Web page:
So yummy! What a great poem, describing that cozy scene. I wish I could come over and get pierogi lessons. *sigh*

Diane Mayr said...

Thanks for taking me back to the childhood Christmas eves I spent at my Polish family's home in Queens, NY. Since we lived out on the island, we were never around to make the pierogi, but we certainly loved eating them. My favorites were kapusta (cabbage), and cheese. I learned to like the prune filled ones as I got older. I also remember having mushroom barley soup made with dried mushrooms sent from kraju (the old country). And the huge round loaves of black bread that my babci carved pieces from with a large knife. Slathered with unsalted butter. (Drool, drool, drool.) Too many years have passed, too many people are gone...

Elaine Magliaro said...

Diane,

My maternal grandmother made the most delicious Christmas babka that I have ever tasted. I haven't learned how to make that--or the tasty cabbage soup that my mother used to make. I have become an expert at making potato pancakes though. My husband loves them. On New Year's Eve, I serve them with creme fraiche and caviar.

Diane Mayr said...

I have a great babka recipe that I can send you. It's fairly simple to make, but I don't know how it'll compare to your babci's. Have you ever had sour cream soup? My mother used to make it, and her mother before her. It has only a few ingredients, but my mother died before giving me the recipe, and no one I know has even heard of sour cream soup. A mention of it never fails to be followed by a look of disgust. I, however, loved it. Now, the duck soup made with fresh-killed duck blood, practically has me gagging as I write!

Elaine Magliaro said...

Diane,

I think I may just have found the babka recipe my grandmother used. It's written in Polish. My mother translated the ingredients into English. I think my Babci used to add some grated orange peel to her bread. Does your recipe call for mace?

My mother used to make two different kinds of beet soup--one was clear and served hot...the other was thickened with sour cream and served cold.

Diane Mayr said...

The sour cream soup I'm looking for is thin, white, has slices of onion, meatballs, and boiled potatoes. It also has some vinegar, salt, and whole allspice. I have no idea if these are all of the ingredients, nor do I know proportions!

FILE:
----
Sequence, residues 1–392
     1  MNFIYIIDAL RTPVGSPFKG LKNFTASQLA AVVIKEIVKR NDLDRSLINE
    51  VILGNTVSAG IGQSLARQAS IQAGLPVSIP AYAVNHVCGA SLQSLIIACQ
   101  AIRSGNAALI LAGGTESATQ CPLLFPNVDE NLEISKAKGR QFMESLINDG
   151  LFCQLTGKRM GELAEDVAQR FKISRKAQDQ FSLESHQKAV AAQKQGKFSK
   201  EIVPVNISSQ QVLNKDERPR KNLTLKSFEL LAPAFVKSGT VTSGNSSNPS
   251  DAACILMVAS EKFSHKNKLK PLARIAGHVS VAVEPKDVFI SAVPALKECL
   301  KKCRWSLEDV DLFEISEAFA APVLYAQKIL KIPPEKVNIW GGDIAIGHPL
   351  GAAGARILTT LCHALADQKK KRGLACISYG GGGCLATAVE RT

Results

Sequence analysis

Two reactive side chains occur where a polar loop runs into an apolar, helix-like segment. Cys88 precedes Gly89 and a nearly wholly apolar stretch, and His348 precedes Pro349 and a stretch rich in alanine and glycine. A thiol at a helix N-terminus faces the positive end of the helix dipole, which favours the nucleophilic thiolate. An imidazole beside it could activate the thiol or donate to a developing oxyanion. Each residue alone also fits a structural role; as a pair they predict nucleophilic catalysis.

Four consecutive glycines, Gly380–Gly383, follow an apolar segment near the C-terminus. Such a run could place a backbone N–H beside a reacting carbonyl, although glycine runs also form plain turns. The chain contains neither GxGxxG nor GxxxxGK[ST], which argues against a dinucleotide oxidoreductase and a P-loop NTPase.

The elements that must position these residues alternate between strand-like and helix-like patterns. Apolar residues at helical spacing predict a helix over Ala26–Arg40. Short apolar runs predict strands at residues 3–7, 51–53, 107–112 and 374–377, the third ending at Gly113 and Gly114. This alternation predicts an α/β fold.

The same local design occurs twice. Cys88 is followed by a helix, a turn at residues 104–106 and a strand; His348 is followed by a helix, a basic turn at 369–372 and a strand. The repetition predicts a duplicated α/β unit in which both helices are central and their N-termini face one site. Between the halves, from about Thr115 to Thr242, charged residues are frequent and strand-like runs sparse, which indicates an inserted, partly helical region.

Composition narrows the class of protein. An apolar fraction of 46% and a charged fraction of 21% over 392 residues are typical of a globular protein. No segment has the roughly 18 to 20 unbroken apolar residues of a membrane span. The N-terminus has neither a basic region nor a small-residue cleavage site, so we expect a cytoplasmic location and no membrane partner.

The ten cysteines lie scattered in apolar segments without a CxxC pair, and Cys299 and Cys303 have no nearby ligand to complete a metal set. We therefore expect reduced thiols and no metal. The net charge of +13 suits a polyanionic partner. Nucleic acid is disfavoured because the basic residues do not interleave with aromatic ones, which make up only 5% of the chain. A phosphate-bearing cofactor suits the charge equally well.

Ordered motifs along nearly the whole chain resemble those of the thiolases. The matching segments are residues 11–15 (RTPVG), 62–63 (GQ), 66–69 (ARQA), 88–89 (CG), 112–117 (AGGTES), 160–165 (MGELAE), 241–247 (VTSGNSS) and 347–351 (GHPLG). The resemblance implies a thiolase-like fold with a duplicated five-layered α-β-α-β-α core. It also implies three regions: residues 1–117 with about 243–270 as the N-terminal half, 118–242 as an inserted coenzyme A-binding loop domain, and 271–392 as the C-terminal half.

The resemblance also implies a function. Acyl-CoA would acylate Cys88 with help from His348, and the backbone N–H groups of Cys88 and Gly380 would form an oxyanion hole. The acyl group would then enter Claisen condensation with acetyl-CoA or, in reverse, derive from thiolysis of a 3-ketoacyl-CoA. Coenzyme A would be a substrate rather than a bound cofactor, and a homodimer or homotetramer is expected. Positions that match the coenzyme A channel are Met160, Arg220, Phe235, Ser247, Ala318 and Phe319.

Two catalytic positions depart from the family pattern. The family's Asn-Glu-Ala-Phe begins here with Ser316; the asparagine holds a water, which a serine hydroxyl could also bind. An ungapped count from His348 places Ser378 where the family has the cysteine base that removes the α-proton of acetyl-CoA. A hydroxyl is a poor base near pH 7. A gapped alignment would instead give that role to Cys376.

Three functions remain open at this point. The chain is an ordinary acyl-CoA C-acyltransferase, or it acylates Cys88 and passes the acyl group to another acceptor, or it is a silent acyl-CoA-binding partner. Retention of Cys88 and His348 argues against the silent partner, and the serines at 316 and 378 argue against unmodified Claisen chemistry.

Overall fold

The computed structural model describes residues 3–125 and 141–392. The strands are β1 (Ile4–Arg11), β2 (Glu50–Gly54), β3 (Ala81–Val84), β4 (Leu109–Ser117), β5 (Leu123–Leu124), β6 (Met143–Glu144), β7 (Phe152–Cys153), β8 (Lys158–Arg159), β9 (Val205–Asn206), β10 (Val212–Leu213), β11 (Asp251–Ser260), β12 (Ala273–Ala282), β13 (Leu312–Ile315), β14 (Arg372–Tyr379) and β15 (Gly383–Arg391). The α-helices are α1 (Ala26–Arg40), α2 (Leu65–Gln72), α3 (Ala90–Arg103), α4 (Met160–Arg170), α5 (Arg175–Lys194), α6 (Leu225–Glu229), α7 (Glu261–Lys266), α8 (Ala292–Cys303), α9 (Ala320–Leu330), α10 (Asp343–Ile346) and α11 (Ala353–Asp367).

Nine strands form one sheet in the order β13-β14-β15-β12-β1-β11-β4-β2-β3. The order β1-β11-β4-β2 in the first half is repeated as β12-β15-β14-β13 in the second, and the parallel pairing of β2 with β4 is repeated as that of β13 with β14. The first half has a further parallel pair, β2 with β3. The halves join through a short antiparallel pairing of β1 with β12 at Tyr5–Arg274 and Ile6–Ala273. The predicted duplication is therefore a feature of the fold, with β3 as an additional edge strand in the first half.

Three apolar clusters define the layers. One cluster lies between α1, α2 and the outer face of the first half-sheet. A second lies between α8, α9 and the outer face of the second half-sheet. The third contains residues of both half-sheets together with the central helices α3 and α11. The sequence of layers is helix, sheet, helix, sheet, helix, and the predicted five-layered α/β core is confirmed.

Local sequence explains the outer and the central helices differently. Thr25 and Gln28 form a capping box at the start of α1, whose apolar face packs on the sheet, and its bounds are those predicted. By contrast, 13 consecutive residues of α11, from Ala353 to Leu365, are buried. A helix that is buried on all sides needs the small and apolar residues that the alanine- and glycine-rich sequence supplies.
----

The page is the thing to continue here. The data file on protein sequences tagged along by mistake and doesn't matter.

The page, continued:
Here's the babka recipe. It doesn't use mace or orange peel, but you could always try either one. It makes a nice light loaf.

Babka

1/2 cup milk
1 pkg. dry yeast
1/4 cup sugar
1/4 cup butter
1/2 teaspoon salt
1/8 cup warm water
3 eggs (separate 1)
2 1/3 cups flour
1/2 cup raisins

Topping

2 tablespoons butter
2 tablespoons flour
2 tablespoons sugar
1/4 teaspoon cinnamon

Scald milk. Pour over sugar, butter and salt; let cool to lukewarm. Meanwhile, dissolve yeast in warm water. Using a mixer, beat the milk mixture, 2 eggs plus extra yolk, and 1 1/2 cups flour. Add yeast. Continue beating in the remaining flour, using a spoon. Beat vigorously for several minutes (dough should leave the side of the bowl). Mix in raisins. Cover and let rise in warm place until doubled (approximately 1 hour). Grease and flour loaf pan (9 X 5 X 4"). Beat down dough and pour into pan. Let rise again until doubled (check after 1/2 hour). Carefully brush top with remaining egg white mixed with 1 tablespoon water. Cut butter into topping ingredients to form crumbs. Sprinkle on top of the dough. Bake 350 degrees until done (approximately 45 minutes).

Elaine Magliaro said...

Thanks, Diane!

I'm Jet . . . said...

You've inspired me to write a poem about Christmas with my Swedish grandparents.

I'm getting on it right away, before I lose the inspiration . . .

Merry Christmas!

Short poems said...

Lovely poem, soooooooooooooooo nicely written!
Happy Holiday!